The Balance Sheet & The Fundamental Principle
In this lesson, you’re expected to learn:
– the difference between assets and liabilities
– what a personal and company balance sheet looks like
– the fundamental principle of accounting
An asset can be one of two things:
1) Something you own; for example, money, land, goods, shares in other companies etc.
2) Something you are owed by someone else, i.e. something which is technically yours but is currently in someone else’s possession. Most of the time it is money that you are owed but it could be anything.
A liability is anything you owe to someone else and expect to have to hand over in due course. Liabilities are also typically in the form of money.
A balance sheet is a table, listing all of someone’s assets and liabilities, along with the value of each of those assets and liabilities.
We then deduct all your liabilities from these assets.
Your net assets are what you would have left if you sold all your assets and paid off your liabilities. In other words, your net assets are what you are worth.
So how did Sarah come to be worth £51,000? There are two ways:
1) Inheritance: she could’ve been given some of her assets. This is what you start out with without having to earn it. In this case, she inherited £30,000.
2) Another way is by saving. This includes any assets that you can sell and turn into cash such as your house, jewelry etc. In other words, your savings refers to all your earnings that you haven’t spent yet.
Thus, what you have been given plus what you have saved totals to what you are worth today i.e. it must equal your net assets.
This is known as the balance sheet equation, as shown below:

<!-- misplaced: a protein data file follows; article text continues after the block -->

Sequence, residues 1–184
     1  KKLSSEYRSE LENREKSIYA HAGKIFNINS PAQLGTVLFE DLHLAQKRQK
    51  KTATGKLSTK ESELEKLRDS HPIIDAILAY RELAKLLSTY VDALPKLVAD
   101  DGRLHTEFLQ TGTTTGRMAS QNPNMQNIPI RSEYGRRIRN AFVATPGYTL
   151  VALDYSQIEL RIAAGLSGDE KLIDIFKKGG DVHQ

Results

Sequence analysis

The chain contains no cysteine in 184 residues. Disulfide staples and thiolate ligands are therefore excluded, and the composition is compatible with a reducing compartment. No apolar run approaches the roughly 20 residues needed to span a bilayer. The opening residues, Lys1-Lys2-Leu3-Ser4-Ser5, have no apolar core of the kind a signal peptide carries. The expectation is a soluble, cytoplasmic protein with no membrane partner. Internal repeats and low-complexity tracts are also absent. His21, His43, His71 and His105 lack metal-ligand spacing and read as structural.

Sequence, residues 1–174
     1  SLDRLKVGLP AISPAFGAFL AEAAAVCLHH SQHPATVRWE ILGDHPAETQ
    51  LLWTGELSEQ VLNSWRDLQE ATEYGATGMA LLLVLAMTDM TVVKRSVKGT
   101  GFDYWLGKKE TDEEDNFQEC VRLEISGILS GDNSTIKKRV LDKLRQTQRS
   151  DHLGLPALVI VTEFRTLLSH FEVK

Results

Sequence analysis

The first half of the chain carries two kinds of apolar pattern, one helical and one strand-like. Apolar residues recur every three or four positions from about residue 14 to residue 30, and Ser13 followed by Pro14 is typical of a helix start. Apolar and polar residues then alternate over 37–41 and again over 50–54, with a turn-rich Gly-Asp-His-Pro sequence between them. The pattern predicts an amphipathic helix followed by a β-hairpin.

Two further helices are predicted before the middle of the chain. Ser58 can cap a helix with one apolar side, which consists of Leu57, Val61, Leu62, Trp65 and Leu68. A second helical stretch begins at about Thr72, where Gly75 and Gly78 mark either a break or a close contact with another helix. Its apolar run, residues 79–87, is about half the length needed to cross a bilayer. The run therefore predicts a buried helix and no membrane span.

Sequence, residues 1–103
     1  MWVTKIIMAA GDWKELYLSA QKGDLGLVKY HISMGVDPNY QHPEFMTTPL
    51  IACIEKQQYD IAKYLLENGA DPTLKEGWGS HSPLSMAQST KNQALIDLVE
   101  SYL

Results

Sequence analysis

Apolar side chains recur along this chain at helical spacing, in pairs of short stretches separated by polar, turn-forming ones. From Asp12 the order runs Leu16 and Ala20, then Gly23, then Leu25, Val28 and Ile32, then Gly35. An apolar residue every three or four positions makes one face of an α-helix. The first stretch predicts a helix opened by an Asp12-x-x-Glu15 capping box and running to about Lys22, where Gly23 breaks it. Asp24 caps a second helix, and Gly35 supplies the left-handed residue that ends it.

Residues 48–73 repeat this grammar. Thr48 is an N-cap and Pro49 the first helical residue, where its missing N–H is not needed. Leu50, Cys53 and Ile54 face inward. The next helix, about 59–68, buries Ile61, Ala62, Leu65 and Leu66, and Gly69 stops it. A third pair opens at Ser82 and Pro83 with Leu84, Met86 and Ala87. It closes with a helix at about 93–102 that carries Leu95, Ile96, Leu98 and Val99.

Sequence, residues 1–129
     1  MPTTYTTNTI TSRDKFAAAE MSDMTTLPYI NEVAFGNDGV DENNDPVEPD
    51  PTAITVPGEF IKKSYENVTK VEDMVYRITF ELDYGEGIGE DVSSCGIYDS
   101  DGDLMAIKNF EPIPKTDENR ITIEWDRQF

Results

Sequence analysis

Net Worth = Assets (gross) – Liabilities
1) Fixed assets: any assets that a company uses on a long-term basis (as opposed to assets that are bought and sold on to customers); e.g. buildings, machinery, computers.
2) Current assets: assets you expect to sell or turn into cash within one accounting year; e.g. stocks, cash in hand, amount owed to you by customers.
3) Current liabilities: like current assets, current liabilities are immediate liabilities of the firm that are to be paid within the next year; e.g. amounts owed to suppliers, short-term loans etc.
4) Long-term liabilities: liabilities you expect to pay but not within the next year; e.g. loans from banks.
This is simply another way of saying ‘net worth’, as we saw in the personal balance sheet.
This is the amount of money put into the company by the shareholders (i.e. owners). In other words, it is what the company starts with. It is the equivalence of ‘inheritance’ on your personal balance sheet.
However, this includes money invested by the shareholders at any time, just as you might get an inheritance at any point in your life. So it is basically money that the company has not had to earn.
As you’re aware, the goal of any company is to earn more from its customers than the expenses and thus make a profit. The company then pays out some of these profits to the taxman and the shareholders. What is left over is know as retained profit.
This is equivalent to the savings on your personal balance sheet. This retained profit is rarely solely in the form of money; usually it is made up of all sorts of different assets.
Thus, a company’s balance sheet equation is given by the following:
Shareholders’ Equity = Assets – Liabilities
Keeping this in mind, a company’s balance sheet equation can be rearranged and interpreted slightly differently.
Assets = Shareholders’ Equity + Liabilities
Assets must add up exactly to the liabilities plus the shareholders’ equity.
Thus, we can say that the assets of a company must always equal the claims over those assets.
=> Assets = Claims
This equation is the fundamental principle of accounting.
One of the benefits of looking at a balance sheet in this way is that we can display it in the form of a chart, which makes it a lot easier to see what’s going on.
• The height of each box is the value of the relevant asset or liability.
• The assets bar (left-hand bar) has all the assets of the company stacked on top of one another. The height of the bar thus shows the total (gross) value of all the assets of a company.